Prior to joining Monument in 2015, Mills was assistant director of the Office of Congressional Relations at Immigration and Customs Enforcement under President Obama and was a senior counsel to Rep. Zoe LofgrenZoe Ellen LofgrenHillicon Valley: Coronavirus tracking sparks surveillance concerns | Target delivery workers plan Tuesday walkout | Federal agency expedites mail-in voting funds to states | YouTube cracks down on 5G conspiracy videos House Republican pushes for bipartisan cooperation on elections during coronavirus crisis Hillicon Valley: FCC chief proposes 0M telehealth program | Twitter takes down posts promoting anti-malaria drugs for coronavirus| Whole Foods workers plan Tuesday strike MORE (D-Calif.).

Mills said candidates would need to refine their proposals for K Street.

“They’re going to have to pick and choose. Maybe they would have to look at in-house lobbyists and PACs before they look at contract lobbyists.”

Sanders’s campaign defended his push for new rules on K Street.

“Corporate lobbyists should be very afraid of a Bernie Sanders presidency. Any lobbyist who thinks Bernie Sanders will give an inch on confronting corporate power in Washington is living in denial. The American people are sick of the unprecedented corruption and greed they see, and they are demanding a political revolution to end lobbyists’ grip on Washington,” Briahna Joy Gray, Sanders’s national press secretary, said.

Warren’s campaign did not respond to a request for comment.

Talk of tougher rules on lobbying is nothing new and has long been a potent message for Democrats and progressives.

Obama also vowed to get tough on K Street as a candidate, running on proposals that aimed at shutting the revolving door between government and industry and rejecting corporate money.

Obama blocked recent registered lobbyists from working in his administration and former officials couldn’t contact the agency they worked for until two years after leaving.

But critics questioned the effectiveness of those rules, noting that many former senior Obama officials went on to lobby for trade groups and major businesses. Victoria Espinel, a former Obama adviser on intellectual property, is CEO of BSA | The Software Alliance, and former press secretary Jay Carney is senior vice president of global corporate affairs at Amazon.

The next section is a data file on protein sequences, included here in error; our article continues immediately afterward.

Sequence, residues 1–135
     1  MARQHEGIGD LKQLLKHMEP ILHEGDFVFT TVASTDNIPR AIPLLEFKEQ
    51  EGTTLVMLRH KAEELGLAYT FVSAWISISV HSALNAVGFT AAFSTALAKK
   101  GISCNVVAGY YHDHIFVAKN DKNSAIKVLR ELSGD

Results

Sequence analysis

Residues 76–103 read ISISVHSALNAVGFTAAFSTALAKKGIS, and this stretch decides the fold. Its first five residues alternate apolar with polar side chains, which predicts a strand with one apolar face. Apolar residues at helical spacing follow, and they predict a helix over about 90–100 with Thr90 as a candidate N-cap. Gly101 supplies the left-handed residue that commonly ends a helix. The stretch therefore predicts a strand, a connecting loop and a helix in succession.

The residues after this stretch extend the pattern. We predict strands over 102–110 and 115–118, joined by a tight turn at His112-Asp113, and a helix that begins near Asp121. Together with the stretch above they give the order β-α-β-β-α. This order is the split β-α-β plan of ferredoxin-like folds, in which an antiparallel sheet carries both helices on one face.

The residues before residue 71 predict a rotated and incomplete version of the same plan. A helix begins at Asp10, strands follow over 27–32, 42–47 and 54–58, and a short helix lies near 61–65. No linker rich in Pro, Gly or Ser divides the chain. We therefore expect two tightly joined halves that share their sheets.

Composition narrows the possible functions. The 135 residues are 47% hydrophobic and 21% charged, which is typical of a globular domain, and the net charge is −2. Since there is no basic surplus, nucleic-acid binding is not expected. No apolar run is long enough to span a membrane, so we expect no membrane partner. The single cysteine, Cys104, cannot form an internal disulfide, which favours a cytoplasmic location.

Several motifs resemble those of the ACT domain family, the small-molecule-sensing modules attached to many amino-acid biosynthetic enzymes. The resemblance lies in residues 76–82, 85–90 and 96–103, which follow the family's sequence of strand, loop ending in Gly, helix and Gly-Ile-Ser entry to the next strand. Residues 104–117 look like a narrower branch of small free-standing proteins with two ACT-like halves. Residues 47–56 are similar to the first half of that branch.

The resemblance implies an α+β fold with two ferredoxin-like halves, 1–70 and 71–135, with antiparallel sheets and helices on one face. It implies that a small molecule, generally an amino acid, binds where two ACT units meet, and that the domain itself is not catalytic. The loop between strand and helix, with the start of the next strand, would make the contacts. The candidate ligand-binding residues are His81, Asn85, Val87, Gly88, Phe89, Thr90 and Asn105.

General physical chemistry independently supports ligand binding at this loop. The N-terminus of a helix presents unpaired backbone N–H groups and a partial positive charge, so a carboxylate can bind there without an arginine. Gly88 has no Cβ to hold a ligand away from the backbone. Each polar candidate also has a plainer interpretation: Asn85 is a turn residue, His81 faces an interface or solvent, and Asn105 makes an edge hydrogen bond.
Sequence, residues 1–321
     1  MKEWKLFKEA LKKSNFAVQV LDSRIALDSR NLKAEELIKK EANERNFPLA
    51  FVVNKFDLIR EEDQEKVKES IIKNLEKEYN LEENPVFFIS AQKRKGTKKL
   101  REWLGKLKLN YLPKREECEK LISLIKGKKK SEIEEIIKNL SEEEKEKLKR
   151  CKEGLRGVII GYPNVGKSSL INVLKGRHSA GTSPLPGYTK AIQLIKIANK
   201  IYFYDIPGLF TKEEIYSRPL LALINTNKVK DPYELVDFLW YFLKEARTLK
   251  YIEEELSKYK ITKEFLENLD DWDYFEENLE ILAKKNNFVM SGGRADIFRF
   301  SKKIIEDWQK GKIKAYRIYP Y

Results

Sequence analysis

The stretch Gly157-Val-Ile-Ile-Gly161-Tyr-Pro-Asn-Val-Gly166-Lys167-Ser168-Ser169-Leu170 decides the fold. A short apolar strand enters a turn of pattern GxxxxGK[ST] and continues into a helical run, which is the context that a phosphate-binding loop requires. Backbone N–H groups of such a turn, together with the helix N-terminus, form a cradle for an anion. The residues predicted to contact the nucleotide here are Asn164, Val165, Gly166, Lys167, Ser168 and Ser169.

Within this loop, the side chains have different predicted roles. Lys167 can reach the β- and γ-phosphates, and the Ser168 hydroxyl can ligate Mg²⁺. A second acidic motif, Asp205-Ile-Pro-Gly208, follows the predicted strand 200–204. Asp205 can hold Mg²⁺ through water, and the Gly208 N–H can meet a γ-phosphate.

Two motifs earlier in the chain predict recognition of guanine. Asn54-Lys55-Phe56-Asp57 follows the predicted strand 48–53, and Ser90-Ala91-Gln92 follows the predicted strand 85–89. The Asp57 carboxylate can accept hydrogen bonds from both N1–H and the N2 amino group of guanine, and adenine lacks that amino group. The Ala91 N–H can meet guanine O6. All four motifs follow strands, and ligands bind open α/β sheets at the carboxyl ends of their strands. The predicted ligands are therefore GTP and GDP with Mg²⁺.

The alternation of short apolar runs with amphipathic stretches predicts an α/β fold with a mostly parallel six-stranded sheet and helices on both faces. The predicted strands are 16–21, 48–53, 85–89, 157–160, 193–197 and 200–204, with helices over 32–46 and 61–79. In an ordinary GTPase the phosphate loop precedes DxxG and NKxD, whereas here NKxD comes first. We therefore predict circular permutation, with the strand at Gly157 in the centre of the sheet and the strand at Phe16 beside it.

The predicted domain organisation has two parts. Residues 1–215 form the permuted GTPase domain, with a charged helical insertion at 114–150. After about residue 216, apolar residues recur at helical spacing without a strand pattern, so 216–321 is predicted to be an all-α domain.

President TrumpDonald John TrumpCDC updates website to remove dosage guidance on drug touted by Trump Trump says he'd like economy to reopen 'with a big bang' but acknowledges it may be limited Graham backs Trump, vows no money for WHO in next funding bill MORE undid many of Obama’s lobbying rules. Under Trump, agency officials are prevented from lobbying the agency they worked with for up to five years but are allowed to lobby other agencies.

Antelo also questioned the effectiveness of Obama’s tougher rules.

“The Obama policy led to more folks going underground and underreporting their contacts, not a reduced impact of lobbying. More secret meetings at Caribou Coffee instead of the EEOB,” she said, referring to the Eisenhower Executive Office Building.

A persistent argument against tougher restrictions on lobbying is that they would lead to more so-called shadow lobbyists, those who do lobbying work but do not register. A lobbyist must register with the Lobbying Disclosure Act (LDA) if they spend 20 percent or more for a particular client on lobbying activities.

“People say I’ll just be a consultant and limit my time with that client but still produce the same results for them,” Mills said.

Warren would revamp the definition of lobbyist to require anyone who lobbies to register with the LDA, removing the 20 percent baseline.

Burt some Democratic lobbyists are brushing off the attacks on their industry. They say it’s not surprising that Warren or Sanders would take on K Street on the campaign trail. 

“There are no concerns at this point because this is not surprising to anyone,” one Democratic lobbyist told The Hill. “If this was Joe BidenJoe BidenTrump shakes up WH communications team The Hill's Campaign Report: Wisconsin votes despite coronavirus pandemic The Intercept's Ryan Grim says Cuomo is winning over critics MORE saying this or any conservative-leaning candidate, I think people would be surprised, but people would also be thinking, ‘He’s appealing to the liberal base.’ ”

Another Democratic lobbyist said K Street had seen such rhetoric before.

“This is no different than what President Obama said he would do,” that lobbyist said.

Warren’s and Sanders’s proposals, though, would go further than Obama.

Antelo said Democratic candidates should instead be pushing proposals that increase transparency on K Street, allowing lobbyists for all sides to do their work, while being more open.

“Lobbying isn’t going away,” she said. “They should focus instead on creating an environment that promotes disclosure.”